Latest News on Petty Offences

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34 downloads 1.0 Brian Osoro 08-02-2019 13:09 Download
35 downloads 1.0 Brian Osoro 08-02-2019 12:57 Download
105 downloads 1.0 admin 29-10-2018 14:15 Download
139 downloads 1.0 admin 17-10-2018 11:18 Download
184 downloads 1.0 admin 08-10-2018 15:53 Download
424 downloads 1.0 admin 10-08-2018 15:09 Download
186 downloads 1.0 admin 06-08-2018 13:00 Download
201 downloads 1.0 admin 03-07-2018 13:10 Download
252 downloads 1.0 admin 20-02-2018 17:29 Download
321 downloads 1.0 admin 20-02-2018 17:19 Download
1426 downloads 1.0 admin 29-08-2017 14:17 Download
429 downloads 1.0 admin 14-08-2017 14:12 Download
458 downloads 1.0 admin 05-07-2017 14:37 Download
999 downloads 1.0 admin 30-06-2017 15:11 Download
484 downloads 1.0 admin 23-05-2017 12:13 Download
663 downloads 1.0 admin 23-05-2017 12:08 Download
714 downloads 1.0 admin 26-04-2017 12:18 Download
794 downloads 1.0 admin 30-03-2017 14:54 Download
467 downloads 1.0 admin 30-03-2017 10:40 Download
617 downloads 1.0 admin 06-02-2017 13:31 Download
468 downloads 1.0 admin 06-02-2017 13:29 Download
479 downloads 1.0 admin 06-02-2017 13:10 Download
Story About Us

Who are we?

We are a group of CSOs fighting for the decriminalization and de-classification of Laws that target the Poor.

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We Need You!

Join Us

Become a part of our family. Together, we
can prompt change and save many lives.

Join Now!

Doing away with outdated and petty offences to

Fight Poverty!

Video Campaign

Frequently Asked Questions

Which are the laws on petty offences?

National legislation

County By-Laws

Which offences are categorized as petty offences?

Rogues and Vagabonds
Touting
Failure to pay debts
Loitering

Why do we need to get rid of these Laws?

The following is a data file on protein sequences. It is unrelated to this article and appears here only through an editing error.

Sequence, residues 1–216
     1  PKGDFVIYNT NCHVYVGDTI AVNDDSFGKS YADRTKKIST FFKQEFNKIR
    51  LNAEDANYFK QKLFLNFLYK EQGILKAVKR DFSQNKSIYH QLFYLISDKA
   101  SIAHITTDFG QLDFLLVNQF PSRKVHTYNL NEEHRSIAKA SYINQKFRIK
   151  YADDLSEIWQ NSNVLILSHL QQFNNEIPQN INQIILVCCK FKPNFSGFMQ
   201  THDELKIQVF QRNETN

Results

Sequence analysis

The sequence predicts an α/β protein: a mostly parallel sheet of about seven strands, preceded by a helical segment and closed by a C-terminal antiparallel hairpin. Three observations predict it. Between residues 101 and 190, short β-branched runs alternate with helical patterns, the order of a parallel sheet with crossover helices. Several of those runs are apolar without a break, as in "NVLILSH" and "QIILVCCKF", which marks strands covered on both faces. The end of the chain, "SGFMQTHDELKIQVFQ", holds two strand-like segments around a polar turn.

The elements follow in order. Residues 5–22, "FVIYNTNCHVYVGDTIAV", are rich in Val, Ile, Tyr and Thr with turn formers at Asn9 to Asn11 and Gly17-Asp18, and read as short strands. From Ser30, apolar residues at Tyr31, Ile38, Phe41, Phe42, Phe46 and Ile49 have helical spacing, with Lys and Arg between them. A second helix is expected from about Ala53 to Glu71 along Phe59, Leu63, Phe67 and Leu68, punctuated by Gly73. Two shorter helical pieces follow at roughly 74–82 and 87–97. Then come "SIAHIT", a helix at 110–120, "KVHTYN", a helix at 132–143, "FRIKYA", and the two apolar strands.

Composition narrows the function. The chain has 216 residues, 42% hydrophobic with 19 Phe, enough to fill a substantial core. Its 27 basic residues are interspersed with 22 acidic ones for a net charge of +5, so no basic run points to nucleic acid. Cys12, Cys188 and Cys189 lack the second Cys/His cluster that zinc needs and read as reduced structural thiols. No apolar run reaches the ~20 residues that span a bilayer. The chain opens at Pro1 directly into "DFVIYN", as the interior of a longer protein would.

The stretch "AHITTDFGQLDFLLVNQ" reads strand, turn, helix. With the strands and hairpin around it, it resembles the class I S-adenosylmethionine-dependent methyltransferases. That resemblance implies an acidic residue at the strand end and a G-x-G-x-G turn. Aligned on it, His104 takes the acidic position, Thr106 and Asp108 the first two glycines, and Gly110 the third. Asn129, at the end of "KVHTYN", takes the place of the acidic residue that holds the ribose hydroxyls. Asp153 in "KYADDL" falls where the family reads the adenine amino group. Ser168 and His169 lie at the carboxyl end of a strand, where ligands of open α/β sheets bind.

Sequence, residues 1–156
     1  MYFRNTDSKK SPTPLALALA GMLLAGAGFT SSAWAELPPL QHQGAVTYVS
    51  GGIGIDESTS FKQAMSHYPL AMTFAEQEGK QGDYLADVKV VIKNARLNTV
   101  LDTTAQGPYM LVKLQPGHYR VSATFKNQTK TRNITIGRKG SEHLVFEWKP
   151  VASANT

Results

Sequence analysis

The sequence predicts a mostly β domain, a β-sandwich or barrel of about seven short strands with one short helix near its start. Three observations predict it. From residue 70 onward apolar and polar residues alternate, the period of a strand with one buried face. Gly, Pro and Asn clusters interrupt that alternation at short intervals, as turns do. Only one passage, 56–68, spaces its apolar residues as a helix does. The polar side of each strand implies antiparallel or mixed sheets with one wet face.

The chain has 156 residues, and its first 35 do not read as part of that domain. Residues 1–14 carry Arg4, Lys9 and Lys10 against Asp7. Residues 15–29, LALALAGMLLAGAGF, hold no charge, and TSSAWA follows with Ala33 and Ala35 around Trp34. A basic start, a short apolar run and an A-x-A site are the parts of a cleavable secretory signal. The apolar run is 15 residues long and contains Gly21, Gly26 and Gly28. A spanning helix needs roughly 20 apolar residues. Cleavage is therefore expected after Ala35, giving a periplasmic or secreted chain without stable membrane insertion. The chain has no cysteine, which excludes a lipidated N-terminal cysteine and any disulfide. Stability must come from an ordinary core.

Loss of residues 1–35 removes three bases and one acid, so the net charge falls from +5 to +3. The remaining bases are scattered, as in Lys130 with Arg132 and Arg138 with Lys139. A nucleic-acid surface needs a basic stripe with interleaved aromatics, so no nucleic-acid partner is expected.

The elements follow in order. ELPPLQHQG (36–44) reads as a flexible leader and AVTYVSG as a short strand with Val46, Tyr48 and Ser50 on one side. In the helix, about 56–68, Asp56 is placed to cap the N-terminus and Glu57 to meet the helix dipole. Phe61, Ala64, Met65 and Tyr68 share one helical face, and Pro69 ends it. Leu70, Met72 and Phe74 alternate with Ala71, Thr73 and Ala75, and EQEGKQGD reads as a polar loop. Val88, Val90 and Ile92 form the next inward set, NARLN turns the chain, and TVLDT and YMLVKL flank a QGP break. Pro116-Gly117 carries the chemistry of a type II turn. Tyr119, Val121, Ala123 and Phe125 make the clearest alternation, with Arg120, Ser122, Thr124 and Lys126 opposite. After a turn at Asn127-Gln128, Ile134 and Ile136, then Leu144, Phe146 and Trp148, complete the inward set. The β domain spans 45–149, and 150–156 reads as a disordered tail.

Some may argue that arresting people for these offences make society safer and reduce crime. There
is, however, no evidence from research that this is the case. Moreover the research rather indicate
the contrary by exposing people to further risk and marginalisation

Detention not only adds to prison overcrowding, but also has a range of negative consequences for the
detainees and their families:

Loss of employment for those employed in the formal sector.
Families lose their contribution (monetary and non-monetary) to the household, even if it was small.
Children can suffer in terms of their general care, as well as access to education.
Children often drop out of school because the family cannot afford costs associated with schooling.
Lengthy pre-trial detention brings new costs to families:
Travel costs to visit family members in prison; and
Taking food and other necessities to detainees which the state is supposed to provide – ultimately resulting in the poor subsidising imprisonment.
Severe health consequences, especially in overcrowded prisons with poor health care services.

What can I do?

Join this campaign!
Share this information with your members of parliament, the judiciary and civil society organisations.
Urge AU institutions to promote decriminalisation of petty offences.
Engage with the African Commission on Human and Peoples’ Rights, the Pan African Parliament, the AU Summit and the African Committee of Experts on the Rights and Welfare of the Child.

REGIONAL PARTNERS

We are a group of regional partners working together in the Campaign for Decriminalization and Reclassification of Petty Offences in Africa. The group comprises of like minded organizations/Institutions working on human rights issues across Africa and who are part of an elaborate legislative, litigation and advocacy campaign towards decriminalization and reclassification of petty offences in Africa.